Are you concerned that your act hasn't had as much publicity as some of the others?
"I am a little bit concerned about that, but you can look at it both ways. The fact that it hasn't been around for weeks and overexposed could be a benefit. That makes it a little bit fresh, so fingers crossed. I think people will watch it and judge it on the moment, so fingers crossed it all goes well."
For those who missed the first audition, how would you describe your act?
"I play an Armenian character, who plays the piano and makes a living in England. The character comes out and doesn't speak good English, he comes out and tries to make people laugh with his take on the English language and the English sense-of-humour."
It's a little bit like Borat then?
"Yes, it definitely has that Borat feel about it. It's one of those things where you have a foreign character trying to make sense of the English. I suppose the difference between the characters is that for my act, it's all based around the piano. All the comedy revolves around the instrument."
What did you do before this?
"The act, I've been doing for five or six years. Before that, I was in musicals on tour. And before that, I was an Armenian-Russian dancer! Nobody has asked me that question yet! It just made me laugh even thinking about it. That's for real and totally serious. I did that until I was about 16 or 17. Then I went into a few productions and the knees packed up to be honest. It's all jumping up and landing on your knees every five seconds. If I'd carried on, I wouldn't be walking now. If it doesn't work out this year with the comedy, I'll be back next year with the Russian dancing - wearing tights and everything!"
How does it feel to know that you've already got a fanclub on websites like Digital Spy?
"Yeah, I'm amazed. Wow. For me it was hard to work out. There was a two minute audition for the judges and that's all I have to go on. You never know how they are going to edit you and you never know how you will come across on TV. When I watched it, I was pleased because even though they had edited it, they pretty much captured the majority of the act. The fact that it has generated some interest and there's some fans out there is brilliant and absolutely ace. Thanks Digital Spy."
You've got your own Appreciation group already on the forums...
"Get out mate. You are making it up! I'm going to go on the site now and check this out. I think you're pulling my leg...Oh Jesus, you right, it's real. Thank you for telling me about it!"
How aware are you that over ten million people will be watching the show?
"To be honest, I am aware of it. I just hope that people get it. Because it is a character. It's a character-based comedy act and it's one of my favourites. My mum and dad are the inspiration for it, they pretty much are that person in real life. So for me, it's quite important that people get the act and the momentum of what I'm doing. Then there's also the piano element which ties it all together. Some of my heroes are people like Dudley Moore, Les Dawson, people like that. And Jools Holland with his boogie-woogie piano. To join together all these elements of humour and music, within two minutes, as a comedian is quite difficult. It's a tough gig. But that's what performing arts is all about. It's all about the challenge."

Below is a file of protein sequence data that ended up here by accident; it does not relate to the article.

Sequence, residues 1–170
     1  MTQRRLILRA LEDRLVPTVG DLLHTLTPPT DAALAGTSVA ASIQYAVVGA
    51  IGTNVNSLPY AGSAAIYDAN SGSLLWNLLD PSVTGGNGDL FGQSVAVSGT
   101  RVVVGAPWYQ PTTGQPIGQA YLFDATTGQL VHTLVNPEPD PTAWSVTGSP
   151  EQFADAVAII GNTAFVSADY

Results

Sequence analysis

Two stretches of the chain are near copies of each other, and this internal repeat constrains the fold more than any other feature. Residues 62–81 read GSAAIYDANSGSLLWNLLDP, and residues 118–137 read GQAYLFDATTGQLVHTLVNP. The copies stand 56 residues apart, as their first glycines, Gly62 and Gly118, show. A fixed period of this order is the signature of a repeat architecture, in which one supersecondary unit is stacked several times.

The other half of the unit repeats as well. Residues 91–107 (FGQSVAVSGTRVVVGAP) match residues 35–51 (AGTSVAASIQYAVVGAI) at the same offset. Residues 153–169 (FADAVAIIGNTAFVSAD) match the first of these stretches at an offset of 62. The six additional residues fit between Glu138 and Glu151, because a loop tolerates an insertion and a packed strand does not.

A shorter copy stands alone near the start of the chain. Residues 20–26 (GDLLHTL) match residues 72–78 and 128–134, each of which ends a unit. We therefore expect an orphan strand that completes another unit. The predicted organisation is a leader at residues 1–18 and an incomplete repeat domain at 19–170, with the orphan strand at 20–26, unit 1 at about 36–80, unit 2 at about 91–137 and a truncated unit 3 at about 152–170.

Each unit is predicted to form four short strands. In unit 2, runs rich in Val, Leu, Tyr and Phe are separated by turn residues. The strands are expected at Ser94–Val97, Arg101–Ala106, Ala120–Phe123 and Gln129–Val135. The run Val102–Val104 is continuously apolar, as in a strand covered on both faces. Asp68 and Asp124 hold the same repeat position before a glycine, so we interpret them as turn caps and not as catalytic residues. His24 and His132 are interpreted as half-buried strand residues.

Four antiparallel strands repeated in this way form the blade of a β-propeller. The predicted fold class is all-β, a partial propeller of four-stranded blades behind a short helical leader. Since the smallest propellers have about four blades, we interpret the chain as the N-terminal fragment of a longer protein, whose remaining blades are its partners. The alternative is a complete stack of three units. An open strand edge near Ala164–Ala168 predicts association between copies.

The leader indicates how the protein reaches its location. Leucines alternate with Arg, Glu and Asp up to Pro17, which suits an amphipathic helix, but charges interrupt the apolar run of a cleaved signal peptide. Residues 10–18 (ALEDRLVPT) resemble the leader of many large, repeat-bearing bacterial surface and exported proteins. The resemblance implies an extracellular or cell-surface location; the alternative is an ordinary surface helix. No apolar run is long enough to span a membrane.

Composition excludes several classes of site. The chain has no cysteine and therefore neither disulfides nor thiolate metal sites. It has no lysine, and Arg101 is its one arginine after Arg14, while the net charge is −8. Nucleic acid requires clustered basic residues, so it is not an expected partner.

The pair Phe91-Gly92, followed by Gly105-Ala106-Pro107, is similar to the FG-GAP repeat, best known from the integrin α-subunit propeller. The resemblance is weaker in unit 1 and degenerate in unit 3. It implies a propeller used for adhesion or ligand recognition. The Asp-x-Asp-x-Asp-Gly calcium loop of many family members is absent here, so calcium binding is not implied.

Do you think that's why there hasn't been many comedy acts on BGT?
"Absolutely. I think the main reason, and anyone in comedy would probably agree with this, is that trying to prove yourself in two minutes is a tough ask. A really tough gig. To go out there, establish a character, make people love you, then make people laugh, and finish off with the big gag, standing ovation and applause, all in two minutes, that's like drawing blood out of a stone really. But hey, one of the reasons I came on this show was for the challenge. If people enjoy it and push me through to Saturday, I will pull something even more amazing out of the hat."
What do you hope to get out of the show?
"Ultimately, to be honest, it is about the longevity of what I do. I love being a comic and all-round entertainer, doing the piano, singing and dancing. I would love to do collaborations with other comics, collaborations with other great pianists like Elton John, Billy Joel, Jools Holland. That would be ace. And to do a one-man show and tour would be the ultimate for me. Playing for a live audience every night, hearing that applause - there is nothing quite like it."
Will you be trying to please Simon specifically? He seems to have a strange sense of humour.
"I want to please them all. There is a quote Peter Kay came out with once that "comedy is comedy". If something's funny, it's funny. I'm just going to head out there and do as best I can."
Britain's Got Talent continues tonight at 7.30pm on ITV1